A functional interplay between human immunodeficiency virus type 1 protease residues 77 and 93 involved in differential regulation of precursor autoprocessing and mature protease activity

Christopher J. Counts, P. Shing Ho, Maureen J. Donlin, John E. Tavis, Chaoping Chen

Research output: Contribution to journalArticlepeer-review

5 Scopus citations

Abstract

HIV-1 protease (PR) is a viral enzyme vital to the production of infectious virions. It is initially synthesized as part of the Gag-Pol polyprotein precursor in the infected cell. The free mature PR is liberated as a result of precursor autoprocessing upon virion release. We previously described a model system to examine autoprocessing in transfected mammalian cells. Here, we report that a covariance analysis of miniprecursor (p6∗-PR) sequences derived from drug naï ve patients identified a series of amino acid pairs that vary together across independent viral isolates. These covariance pairs were used to build the first topology map of the miniprecursor that suggests high levels of interaction between the p6∗ peptide and the mature PR. Additionally, several PR-PR covariance pairs are located far from each other (>12 Å Cα to Cα) relative to their positions in the mature PR structure. Biochemical characterization of one such covariance pair (77-93) revealed that each residue shows distinct preference for one of three alkyl amino acids (V, I, and L) and that a polar or charged amino acid at either of these two positions abolishes precursor autoprocessing. The most commonly observed 77V is preferred by the most commonly observed 93I, but the 77I variant is preferred by other 93 variances (L, V, or M) in supporting precursor autoprocessing. Furthermore, the 77I93V covariant enhanced precursor autoprocessing and Gag polyprotein processing but decreased the mature PR activity. Therefore, both covariance and biochemical analyses support a functional association between residues 77 and 93, which are spatially distant from each other in the mature PR structure. Our data also suggests that these covariance pairs differentially regulate precursor autoprocessing and the mature protease activity.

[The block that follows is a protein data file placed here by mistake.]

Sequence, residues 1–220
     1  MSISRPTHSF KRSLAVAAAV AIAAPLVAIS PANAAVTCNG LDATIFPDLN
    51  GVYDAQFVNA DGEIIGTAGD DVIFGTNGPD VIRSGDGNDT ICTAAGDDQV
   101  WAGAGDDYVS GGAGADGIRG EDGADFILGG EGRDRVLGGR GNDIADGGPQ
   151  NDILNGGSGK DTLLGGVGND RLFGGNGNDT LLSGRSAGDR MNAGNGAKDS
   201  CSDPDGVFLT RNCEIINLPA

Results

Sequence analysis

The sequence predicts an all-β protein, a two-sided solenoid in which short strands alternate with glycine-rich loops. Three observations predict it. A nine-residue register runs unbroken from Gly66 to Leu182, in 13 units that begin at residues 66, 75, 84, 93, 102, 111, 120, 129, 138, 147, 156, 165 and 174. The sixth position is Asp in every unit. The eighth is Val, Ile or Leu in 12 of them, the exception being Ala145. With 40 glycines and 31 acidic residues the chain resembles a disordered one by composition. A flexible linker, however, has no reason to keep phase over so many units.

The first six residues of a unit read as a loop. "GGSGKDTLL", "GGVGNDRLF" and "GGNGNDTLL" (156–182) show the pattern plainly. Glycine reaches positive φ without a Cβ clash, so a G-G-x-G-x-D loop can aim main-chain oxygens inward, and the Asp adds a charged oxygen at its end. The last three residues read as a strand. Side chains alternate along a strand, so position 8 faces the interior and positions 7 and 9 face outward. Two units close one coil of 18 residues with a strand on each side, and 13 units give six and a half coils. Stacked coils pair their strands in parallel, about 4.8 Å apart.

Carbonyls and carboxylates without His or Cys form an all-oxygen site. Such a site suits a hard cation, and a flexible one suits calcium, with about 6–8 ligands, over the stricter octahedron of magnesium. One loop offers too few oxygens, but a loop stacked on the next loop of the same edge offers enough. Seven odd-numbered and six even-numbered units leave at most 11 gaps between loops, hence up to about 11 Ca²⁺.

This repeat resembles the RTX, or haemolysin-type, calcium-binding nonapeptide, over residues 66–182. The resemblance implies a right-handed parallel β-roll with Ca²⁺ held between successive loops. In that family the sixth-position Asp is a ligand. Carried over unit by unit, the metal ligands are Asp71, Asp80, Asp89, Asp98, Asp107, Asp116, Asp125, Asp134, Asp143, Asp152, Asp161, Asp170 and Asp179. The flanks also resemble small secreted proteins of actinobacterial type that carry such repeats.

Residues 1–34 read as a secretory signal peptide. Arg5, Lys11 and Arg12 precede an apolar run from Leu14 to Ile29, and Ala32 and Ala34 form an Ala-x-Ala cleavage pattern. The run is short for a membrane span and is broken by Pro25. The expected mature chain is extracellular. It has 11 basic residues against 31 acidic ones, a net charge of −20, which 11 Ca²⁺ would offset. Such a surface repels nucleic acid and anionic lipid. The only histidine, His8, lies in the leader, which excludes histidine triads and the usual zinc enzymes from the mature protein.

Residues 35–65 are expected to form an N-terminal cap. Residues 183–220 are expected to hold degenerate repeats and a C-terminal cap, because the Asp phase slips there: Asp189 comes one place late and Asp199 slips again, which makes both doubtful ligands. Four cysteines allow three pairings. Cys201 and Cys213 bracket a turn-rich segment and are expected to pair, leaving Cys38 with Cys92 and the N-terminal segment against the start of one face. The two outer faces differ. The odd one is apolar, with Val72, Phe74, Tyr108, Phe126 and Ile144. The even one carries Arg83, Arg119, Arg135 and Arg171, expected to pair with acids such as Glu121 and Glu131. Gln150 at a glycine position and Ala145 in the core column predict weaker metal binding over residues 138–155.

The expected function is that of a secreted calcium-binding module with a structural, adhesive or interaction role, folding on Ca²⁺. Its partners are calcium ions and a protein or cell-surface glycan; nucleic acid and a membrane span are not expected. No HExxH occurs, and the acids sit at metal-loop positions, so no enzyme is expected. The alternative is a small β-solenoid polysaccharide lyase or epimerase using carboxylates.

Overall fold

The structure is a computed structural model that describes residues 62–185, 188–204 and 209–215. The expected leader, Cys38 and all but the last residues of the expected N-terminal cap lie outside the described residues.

Original languageEnglish
Article numbere0123561
JournalPLoS ONE
Volume10
Issue number4
DOIs
StatePublished - 20 Apr 2015
Externally publishedYes

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